BitMEX Explains the Attack to Doubting Customers; Refunds BTC 40
BitMEX published a blog post authored by its Co-founder and CEO, Arthur Hayes, stating that the exchange experienced two DDoS (denial-of-service) attacks on the day the market went plummeting, with bitcoin diving to the USD 5,000 level, briefly touching the USD 4,000 level, and even moving below USD 4,000 on BitMEX. With a DDoS attack, the hacker floods a website from many different sources in order to disrupt the service and make it unavailable. This is what the exchange says happened, as the attacks delayed or even prevented requests going to and from the platform.
The exchange goes on to explain that they believe that these two attacks are in fact connected to the DDoS attacks it experienced just last month, done by the same actor(s), and that the previous DDoS was used to identify the target so to attack it at the most opportune moment – at “a peak moment of market volatility.” The targeted feature was the Trollbox (a chat box). Once a DDoS was noticed, it was stopped, but both caused “a significant internal queue,” which was cleared manually for the second attack in order to resume system operations.
That said, the platform gives a number of 156 accounts “for which Last Price stops were clearly erroneously triggered on ETHUSD, caused by the unintended late processing of market orders during the first downtime,” and a total of BTC 40.297 was refunded to users “for each stop that triggered erroneously during this period.” There is no mention of any other refunds.
All personal data is safe, assures the platform. While they are working on solutions to prevent a future attack, isolate critical systems, increase automated scalability under load, review the oldest and most vulnerable parts of the system (like the Trollbox), etc., they admit that “no system is immune to disruption via DDoS.”
As a reminder, we reported that in the aftermath of the now notorious March 13 market crash, there have been speculations in the Cryptoverse about what BitMEX’s role during that crash was exactly. The speculations arose after the exchange had halted trading during the storm, claiming that they were experiencing a “hardware issue” at a cloud service provider. Some argued that there was no such issues, while others said that the highly leveraged derivatives trading taking place on the exchange exacerbated losses in the bitcoin price.
In their analysis on the Bitcoin crash, financial technology and data company Digital Assets Data says that at approximately 2:15 UTC, the price of Bitcoin fell below USD 4,000, and this fall was led by BitMEX, until BTC dropped to almost USD 3,600, they told Cryptonews.com. As reported, the exchange temporarily halted trading at the time. BitMEX’s report also gives 2:16 UTC as the time of the first attack. Another exchange to experience outages, says the data company, is Deribit: the first during the sell-off and the second after the recovery started.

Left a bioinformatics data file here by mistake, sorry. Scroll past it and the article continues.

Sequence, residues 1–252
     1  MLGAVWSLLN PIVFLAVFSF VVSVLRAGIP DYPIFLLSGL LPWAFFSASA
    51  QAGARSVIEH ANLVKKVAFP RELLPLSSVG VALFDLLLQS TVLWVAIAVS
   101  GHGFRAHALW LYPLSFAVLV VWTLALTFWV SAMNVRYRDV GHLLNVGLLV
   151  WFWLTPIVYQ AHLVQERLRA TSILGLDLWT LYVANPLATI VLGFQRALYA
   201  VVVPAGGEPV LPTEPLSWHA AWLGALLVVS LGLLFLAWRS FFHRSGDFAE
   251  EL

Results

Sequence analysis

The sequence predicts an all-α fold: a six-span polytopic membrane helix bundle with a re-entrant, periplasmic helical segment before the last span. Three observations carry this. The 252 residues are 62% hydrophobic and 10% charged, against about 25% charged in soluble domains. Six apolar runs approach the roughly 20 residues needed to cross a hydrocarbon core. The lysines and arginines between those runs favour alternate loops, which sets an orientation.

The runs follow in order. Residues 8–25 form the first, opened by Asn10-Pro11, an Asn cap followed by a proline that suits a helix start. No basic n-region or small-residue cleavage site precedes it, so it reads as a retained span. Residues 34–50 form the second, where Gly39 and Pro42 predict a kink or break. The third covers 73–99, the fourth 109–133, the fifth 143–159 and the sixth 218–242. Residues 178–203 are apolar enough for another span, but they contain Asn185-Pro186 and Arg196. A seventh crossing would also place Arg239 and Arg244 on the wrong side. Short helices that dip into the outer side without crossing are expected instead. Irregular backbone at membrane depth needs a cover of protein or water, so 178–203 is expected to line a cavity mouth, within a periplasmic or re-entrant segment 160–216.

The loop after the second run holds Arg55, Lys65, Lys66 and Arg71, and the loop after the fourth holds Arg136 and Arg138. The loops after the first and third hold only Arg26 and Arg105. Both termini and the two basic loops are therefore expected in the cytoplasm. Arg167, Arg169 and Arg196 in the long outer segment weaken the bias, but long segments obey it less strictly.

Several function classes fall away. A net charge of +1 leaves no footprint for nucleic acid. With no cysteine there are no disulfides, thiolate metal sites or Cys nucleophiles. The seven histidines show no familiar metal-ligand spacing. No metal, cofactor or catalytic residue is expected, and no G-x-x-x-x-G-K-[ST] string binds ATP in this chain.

“These two exchanges, acting as two of the largest liquidity providers, experienced technical issues which may have likely contributed to the extreme volatility,” writes Digital Assets Data.
They conclude that Coinbase led the subsequent recovery, “with BitMEX lagging far behind the other major exchanges.”
As for the accusations that this was all orchestrated by the exchange, BitMEX responded that “It would be against our own interests to fabricate downtime.” Nonetheless, they recognized that “the community wants to know more about how liquidations interact with the insurance fund,” promising to share more details about that and the attacks soon.
The exchange, Hayes, as well as their Chief Technology Officer, Samuel Reed, have been tweeting out the explanations of what had happened, but the response so far in the comments seems to be overwhelmingly negative. People are calling the exchange a scam, not believing that they don’t stand behind the incident; people say that centralized exchanges are manipulating the markets and that “Exchanges and Cryptocurrency do not mix”; others are asking for the IP addresses used during the attack to check it themselves or any proof that goes beyond just excuses, many are asking for refunds, some are calling for BitMEX to close, and more.
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